- Tether said its holdings of U.S. Treasury bills rose 13% to $39.2 billion, while commercial paper fell 17% to $20.1 billion.
- The company said it now also owns around $286 million in non-U.S. government bonds.
- It comes after tether, the digital currency, briefly fell below its intended $1 peg last week.
The issuer of the stablecoin tether said in a report that the controversial digital currency is now backed in part by "non-U.S." government bonds.
Stablecoins are a type of cryptocurrency pegged to the value of sovereign currencies and other traditional assets. Tether, the company behind the token of the same name, aims to track the U.S. dollar.
In its latest so-called "attestation" report, Tether said its holdings of U.S. Treasurys rose 13% to $39.2 billion in the first quarter.
The amount of commercial paper — short-term loans to companies — Tether owns fell 17% to $20.1 billion in the period, and declined a further 20% since Apr. 1, the company said. Tether's commercial paper holdings have been a concern for regulators and economists due to the potential exposure of money markets.
Tether's latest disclosure is notable as it's also the first time the company has revealed it is buying government debt from countries outside the U.S. in addition to Treasury bills.
At around $286 million, the amount of non-U.S. bonds is only a minor portion of the more than $82 billion in assets Tether claims to own. But the source of the funds, and the governments issuing them, isn't clear.
Bonds issued by the U.S. government are widely viewed as safe and highly liquid. Debt from other less developed economies is riskier, as it comes with a higher probability of default.
Tether was not immediately available for comment on which non-U.S. bonds it has bought.
Paolo Ardoino, Tether's chief technology officer, said the "latest attestation further highlights that Tether is fully backed and that the composition of its reserves is strong, conservative, and liquid."
Tether is meant to maintain a 1-to-1 peg to the dollar at all times. But volatility in cryptocurrencies last week, coupled with panic over the collapse of terraUSD, a competing stablecoin, temporarily dragged tether below $1 on several exchanges. TerraUSD, or UST as it's known, is a so-called "algorithmic" stablecoin that attempted to maintain a value of $1 using code rather than cash.
Tether is a crucial part of the crypto market. With $74 billion in circulation, it's the world's biggest so-called stablecoin, facilitating billions of dollars' worth of trades each day. Investors often park their cash in tether in times of heightened volatility in bitcoin and cryptocurrencies.
"This past week is a clear example of the strength and resilience of Tether," Ardoino said. "Tether has maintained its stability through multiple black swan events and highly volatile market conditions."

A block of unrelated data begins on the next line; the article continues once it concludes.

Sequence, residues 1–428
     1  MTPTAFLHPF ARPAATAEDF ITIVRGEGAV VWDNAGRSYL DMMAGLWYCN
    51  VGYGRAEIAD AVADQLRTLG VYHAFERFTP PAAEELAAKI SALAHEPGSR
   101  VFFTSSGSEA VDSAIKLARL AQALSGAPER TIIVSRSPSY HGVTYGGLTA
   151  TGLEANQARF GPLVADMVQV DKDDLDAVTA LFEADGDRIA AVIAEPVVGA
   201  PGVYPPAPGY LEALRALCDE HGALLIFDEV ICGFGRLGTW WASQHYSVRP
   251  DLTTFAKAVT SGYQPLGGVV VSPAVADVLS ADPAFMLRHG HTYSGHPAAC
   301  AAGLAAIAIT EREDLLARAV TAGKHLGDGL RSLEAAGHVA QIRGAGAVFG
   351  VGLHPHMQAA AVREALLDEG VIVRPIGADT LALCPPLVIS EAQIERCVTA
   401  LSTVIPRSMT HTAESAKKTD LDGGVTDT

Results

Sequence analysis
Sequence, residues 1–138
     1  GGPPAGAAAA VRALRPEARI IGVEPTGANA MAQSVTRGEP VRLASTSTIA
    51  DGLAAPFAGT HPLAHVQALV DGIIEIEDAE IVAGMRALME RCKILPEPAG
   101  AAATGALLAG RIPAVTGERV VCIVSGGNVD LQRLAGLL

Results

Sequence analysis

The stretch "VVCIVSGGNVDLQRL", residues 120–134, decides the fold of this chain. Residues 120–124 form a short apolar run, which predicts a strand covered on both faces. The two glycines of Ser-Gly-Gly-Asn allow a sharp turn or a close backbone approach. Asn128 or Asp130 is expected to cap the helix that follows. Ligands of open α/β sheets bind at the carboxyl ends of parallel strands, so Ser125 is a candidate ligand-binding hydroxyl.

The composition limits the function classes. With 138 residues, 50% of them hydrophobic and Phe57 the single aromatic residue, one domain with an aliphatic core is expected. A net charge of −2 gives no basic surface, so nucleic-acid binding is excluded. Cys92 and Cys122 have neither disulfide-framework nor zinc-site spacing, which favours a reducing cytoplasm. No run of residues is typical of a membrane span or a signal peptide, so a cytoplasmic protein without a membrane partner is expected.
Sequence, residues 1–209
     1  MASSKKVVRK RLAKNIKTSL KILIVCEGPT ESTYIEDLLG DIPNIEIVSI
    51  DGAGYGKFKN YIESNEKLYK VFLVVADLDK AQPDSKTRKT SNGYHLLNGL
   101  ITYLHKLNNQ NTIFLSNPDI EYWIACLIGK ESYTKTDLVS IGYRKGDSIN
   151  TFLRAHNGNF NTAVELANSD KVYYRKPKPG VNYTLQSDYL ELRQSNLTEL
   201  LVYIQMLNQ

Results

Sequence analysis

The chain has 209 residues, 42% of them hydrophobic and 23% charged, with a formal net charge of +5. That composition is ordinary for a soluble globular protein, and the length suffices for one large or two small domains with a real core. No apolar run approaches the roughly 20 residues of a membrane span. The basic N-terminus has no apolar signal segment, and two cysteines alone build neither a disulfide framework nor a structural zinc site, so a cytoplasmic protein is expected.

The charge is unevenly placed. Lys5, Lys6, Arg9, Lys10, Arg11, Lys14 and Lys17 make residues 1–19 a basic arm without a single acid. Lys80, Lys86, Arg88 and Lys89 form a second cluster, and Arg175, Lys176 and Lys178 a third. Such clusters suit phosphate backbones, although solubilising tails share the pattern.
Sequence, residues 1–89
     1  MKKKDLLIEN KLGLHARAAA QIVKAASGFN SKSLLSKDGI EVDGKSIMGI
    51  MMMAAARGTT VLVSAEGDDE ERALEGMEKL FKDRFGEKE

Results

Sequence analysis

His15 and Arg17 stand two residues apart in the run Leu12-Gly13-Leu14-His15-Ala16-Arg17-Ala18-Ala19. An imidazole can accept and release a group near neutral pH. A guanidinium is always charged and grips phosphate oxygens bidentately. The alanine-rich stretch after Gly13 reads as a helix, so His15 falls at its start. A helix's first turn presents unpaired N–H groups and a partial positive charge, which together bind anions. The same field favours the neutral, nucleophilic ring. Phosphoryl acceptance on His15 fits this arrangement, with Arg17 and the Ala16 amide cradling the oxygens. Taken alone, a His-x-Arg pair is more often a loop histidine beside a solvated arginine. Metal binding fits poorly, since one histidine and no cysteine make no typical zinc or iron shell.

Still, the amount of cash flowing out of tether has raised fresh questions about the reserves behind it. Tether previously claimed to be backed solely by U.S. dollars. Investors have withdrawn more than $7 billion from Tether in the past week alone.
Tether started releasing quarterly financials after a 2021 settlement with the New York attorney general, which accused the company of lying about its stablecoin's backing (Tether admitted no wrongdoing).
The documents are signed by MHA Cayman, a little-known accountancy firm based in the Cayman Islands.
Some economists and investors aren't convinced by Tether's attestations and are calling for a full audit. The company says such an audit is on the way.
Treasury Secretary Janet Yellen last week warned about the risk of a "bank run" scenario in which investors flee stablecoins, potentially causing a contagion of other markets. Stablecoins are now a $160 billion market.
"The stablecoin market has grown so much that I think there is some systemic risk at this point," John Griffin, professor of finance at the University of Texas, told CNBC. "There is definitely a risk that this could spread. And I think people probably underestimate that risk."
Nevertheless, some of Tether's early backers say they're confident the digital coin is sufficiently backed.
"Tether breaking its peg is an overstatement," Brock Pierce, a co-founder of Tether, told CNBC. Deviations in tether's price have happened "dozens and dozens of times," he said.
Pierce, a former child actor, turned to crypto in 2013 and has founded numerous other ventures in the space.
"All start-ups have the challenges of growing pains," he said.
Reeve Collins, another co-founder of Tether, said the firm's management has "everything to lose if they screw it up." Tether is controlled by Ifinex, which owns the cryptocurrency exchange Bitfinex.
Not many financial institutions could redeem over $7 billion in a matter of days, Collins said.